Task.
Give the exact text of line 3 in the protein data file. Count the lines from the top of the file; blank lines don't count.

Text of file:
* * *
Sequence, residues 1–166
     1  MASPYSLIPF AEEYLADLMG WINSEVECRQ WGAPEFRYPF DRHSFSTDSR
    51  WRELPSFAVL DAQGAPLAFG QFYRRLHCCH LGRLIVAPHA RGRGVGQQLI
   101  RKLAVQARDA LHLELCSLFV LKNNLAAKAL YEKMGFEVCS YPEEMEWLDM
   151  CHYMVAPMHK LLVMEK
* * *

    51  WRELPSFAVL DAQGAPLAFG QFYRRLHCCH LGRLIVAPHA RGRGVGQQLI